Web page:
In April 2018, one year after their friend Ueli Steck’s fatal fall, Jon Griffith and Tenjing “Tenji” Sher-pa attempted the alpinist’s last project: the first Everest- Lhotse link up without bottled oxygen, live and filmed in Virtual Reality. We got in touch with Jon to hear how it went.

“We lost one of the best alpinists in the world” says Tenji, thinking of his friend and mentor Ueli Steck: “He has always motivated me in climbing and he helped me in becoming an alpinist”. That’s why, when Tenji told me that he wanted to attempt Ueli’s project, so to climb Everest and Lhotse without oxygen, I suddenly thought it was a perfect twist of fate. For me and Tenji it was about honouring the memory of one of our closest friends, but it was also to bring the Nepalese clim-bing community to the main stage – an area historically reserved for their clients.

«I wanted to have the mountain to ourselves »


In terms of alpinism, the link up of Everest and Lhotse (the first and four-th highest mountains in the world) would have been a huge high altitude athletic achievement. For me, to try and film such a climb in Virtual Reality was a challenge that I had set my sights on for the last few years. It’s without a doubt the most complicated shooting style there is – the camera alone has 17 individual cameras in it. It was very challenging, and in the end, we didn’t succeed: completing the link up requires you to spend a huge amount of time up above 8000m and the altitude is just brutal up there. I was on oxygen as I was filming but for Tenji the struggle is superhuman – the fact that he had already done Everest without bottled oxygen before and was unable to do it again shows how incredibly hard it is. We did summit Everest but we weren’t able to continue to Lhotse, in the end the weather was against us but you have to aim big sometimes!

When we arrived up at Camp 4, the high camp, the weather was not great – all day long and through the evening the winds raged around us, and for the first time I wondered if we would even be able to leave Camp 4. You’ve got to be really careful above 8000m in those winds – your body is incredibly vulnerable up high and the margin for error is very small. We waited some hours in the tent and around midnight we finally left. It was windy, and there were thun-derstorms all around us. Tenji was in-credibly fast out from Camp 4 but at around 8500m he hit a wall – it’s what everyone who has climbed Everest without bottled oxygen says. It was hard to see him struggle so much- he looked like he was in a dream. 10 steps up 5 minutes rest. We’d been moving slowly and all around us the clouds were building- we dipped in and out of snow storms and I wondered how long we had left until the weather would turn really bad.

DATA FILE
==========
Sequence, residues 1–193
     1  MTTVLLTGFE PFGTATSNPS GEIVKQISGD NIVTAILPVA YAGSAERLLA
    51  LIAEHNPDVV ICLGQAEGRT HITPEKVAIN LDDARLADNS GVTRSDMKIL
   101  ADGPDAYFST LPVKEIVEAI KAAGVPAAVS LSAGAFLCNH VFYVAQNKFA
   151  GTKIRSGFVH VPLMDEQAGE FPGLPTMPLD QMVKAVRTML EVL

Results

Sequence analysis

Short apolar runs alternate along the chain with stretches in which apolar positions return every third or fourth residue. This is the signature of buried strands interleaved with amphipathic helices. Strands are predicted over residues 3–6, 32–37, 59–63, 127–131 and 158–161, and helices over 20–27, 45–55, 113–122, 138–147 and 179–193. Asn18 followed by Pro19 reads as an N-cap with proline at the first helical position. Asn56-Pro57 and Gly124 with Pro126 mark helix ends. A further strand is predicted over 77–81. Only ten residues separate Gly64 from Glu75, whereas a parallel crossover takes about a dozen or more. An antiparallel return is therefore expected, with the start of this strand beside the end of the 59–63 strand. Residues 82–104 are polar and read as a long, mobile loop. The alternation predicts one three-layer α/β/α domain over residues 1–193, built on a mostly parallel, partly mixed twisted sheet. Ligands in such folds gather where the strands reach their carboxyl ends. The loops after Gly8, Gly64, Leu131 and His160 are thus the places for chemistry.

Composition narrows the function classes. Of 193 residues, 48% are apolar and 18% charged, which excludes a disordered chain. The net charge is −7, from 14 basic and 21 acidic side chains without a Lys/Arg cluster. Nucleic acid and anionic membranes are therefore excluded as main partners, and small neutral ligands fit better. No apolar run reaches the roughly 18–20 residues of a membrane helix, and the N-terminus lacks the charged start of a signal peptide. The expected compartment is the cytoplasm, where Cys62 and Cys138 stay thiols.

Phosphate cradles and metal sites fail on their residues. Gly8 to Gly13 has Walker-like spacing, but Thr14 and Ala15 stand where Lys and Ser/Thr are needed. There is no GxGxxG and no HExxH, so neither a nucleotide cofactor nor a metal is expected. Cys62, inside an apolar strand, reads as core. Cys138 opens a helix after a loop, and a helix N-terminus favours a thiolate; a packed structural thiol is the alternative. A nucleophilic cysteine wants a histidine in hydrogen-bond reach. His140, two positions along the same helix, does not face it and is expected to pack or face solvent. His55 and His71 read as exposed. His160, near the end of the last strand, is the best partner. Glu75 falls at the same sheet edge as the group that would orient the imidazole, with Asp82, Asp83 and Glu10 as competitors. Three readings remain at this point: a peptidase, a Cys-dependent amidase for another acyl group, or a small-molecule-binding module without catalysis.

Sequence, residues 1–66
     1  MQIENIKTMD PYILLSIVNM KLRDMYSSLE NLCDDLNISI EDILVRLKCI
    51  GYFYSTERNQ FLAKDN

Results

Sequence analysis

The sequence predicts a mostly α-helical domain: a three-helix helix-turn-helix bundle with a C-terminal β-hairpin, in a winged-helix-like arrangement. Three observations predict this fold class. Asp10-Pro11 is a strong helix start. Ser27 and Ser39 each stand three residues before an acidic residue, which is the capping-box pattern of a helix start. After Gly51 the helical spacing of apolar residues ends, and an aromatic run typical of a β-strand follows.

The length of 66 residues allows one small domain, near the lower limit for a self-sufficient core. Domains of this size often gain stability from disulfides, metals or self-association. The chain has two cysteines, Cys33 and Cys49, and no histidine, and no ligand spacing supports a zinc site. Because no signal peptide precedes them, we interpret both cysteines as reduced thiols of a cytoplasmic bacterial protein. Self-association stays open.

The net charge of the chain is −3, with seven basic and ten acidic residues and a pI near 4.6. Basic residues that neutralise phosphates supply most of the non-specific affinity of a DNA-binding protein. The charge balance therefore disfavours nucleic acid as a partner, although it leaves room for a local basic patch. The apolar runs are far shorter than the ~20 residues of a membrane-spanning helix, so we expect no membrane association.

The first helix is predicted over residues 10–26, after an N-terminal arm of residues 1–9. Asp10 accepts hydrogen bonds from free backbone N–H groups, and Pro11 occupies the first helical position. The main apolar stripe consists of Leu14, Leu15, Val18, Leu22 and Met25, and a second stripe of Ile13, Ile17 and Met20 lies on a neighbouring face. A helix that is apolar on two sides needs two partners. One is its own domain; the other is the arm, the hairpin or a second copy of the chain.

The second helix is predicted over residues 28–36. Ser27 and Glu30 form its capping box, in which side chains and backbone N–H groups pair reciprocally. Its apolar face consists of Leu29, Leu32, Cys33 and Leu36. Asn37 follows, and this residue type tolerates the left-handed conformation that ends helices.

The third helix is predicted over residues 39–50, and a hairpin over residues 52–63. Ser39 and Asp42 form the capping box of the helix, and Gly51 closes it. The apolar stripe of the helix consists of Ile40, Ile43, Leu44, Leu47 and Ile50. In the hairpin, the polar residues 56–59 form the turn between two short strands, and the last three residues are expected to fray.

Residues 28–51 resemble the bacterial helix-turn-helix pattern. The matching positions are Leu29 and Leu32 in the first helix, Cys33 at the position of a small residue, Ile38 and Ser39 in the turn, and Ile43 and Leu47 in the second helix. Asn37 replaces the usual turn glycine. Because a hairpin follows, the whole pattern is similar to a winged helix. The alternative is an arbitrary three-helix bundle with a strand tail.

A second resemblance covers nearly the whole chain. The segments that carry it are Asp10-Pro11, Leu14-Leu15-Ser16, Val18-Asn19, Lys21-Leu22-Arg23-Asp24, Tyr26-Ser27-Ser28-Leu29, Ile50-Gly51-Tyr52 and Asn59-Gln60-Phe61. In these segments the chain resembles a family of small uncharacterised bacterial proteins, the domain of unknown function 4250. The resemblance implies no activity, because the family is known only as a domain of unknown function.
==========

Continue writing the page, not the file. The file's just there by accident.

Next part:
It’s without a doubt the most complicated shooting style there is

We got to the South Summit in heavy snowfall and I decided to put him on my spare bottle of oxygen so that we could at least make the summit – we weren’t in any real danger of course because you can just turn around whenever you want, but you have to know when to turn around when you’re not on oxygen and I felt like we had reached that point. You need an exceptional weather window to sum-mit Everest without bottled oxygen and we just didn’t get it – that was part of the risk of going late in the season. I wanted to have the mountain to ourselves rather than climb with the huge queues of climbers that you see in the photos (those scenes are sadly the norm rather than out of the ordinary) and so we waited until the end of the season when the weather is also a bit more erratic.





I did manage to shoot one of my proudest photos ever though which was nice. Taken at around 8400m on summit day on Mount Everest we were surrounded by three very active thunderstorm cells. The clouds cleared from Everest for about an hour and revealed this sight: the yellow light on the horizon is not light pollution but flashes of lightening from various thunderstorm cells. It was incredible. In the end, we didn’t succeed with the link up but we did succeed in making a really powerful Everest VR film which we’ve just released. I wanted to create a film that was real and genuine, and we did that. We still captured a great story. It has been quite interesting watching my climbing friend’s reac-tions in Chamonix once they take the headset off – I always assume that climbers wouldn’t be that interested in Everest but they have all said it’s the most amazing thing they’ve ever seen. So I’m really proud of what we captured.”
Jon Griffith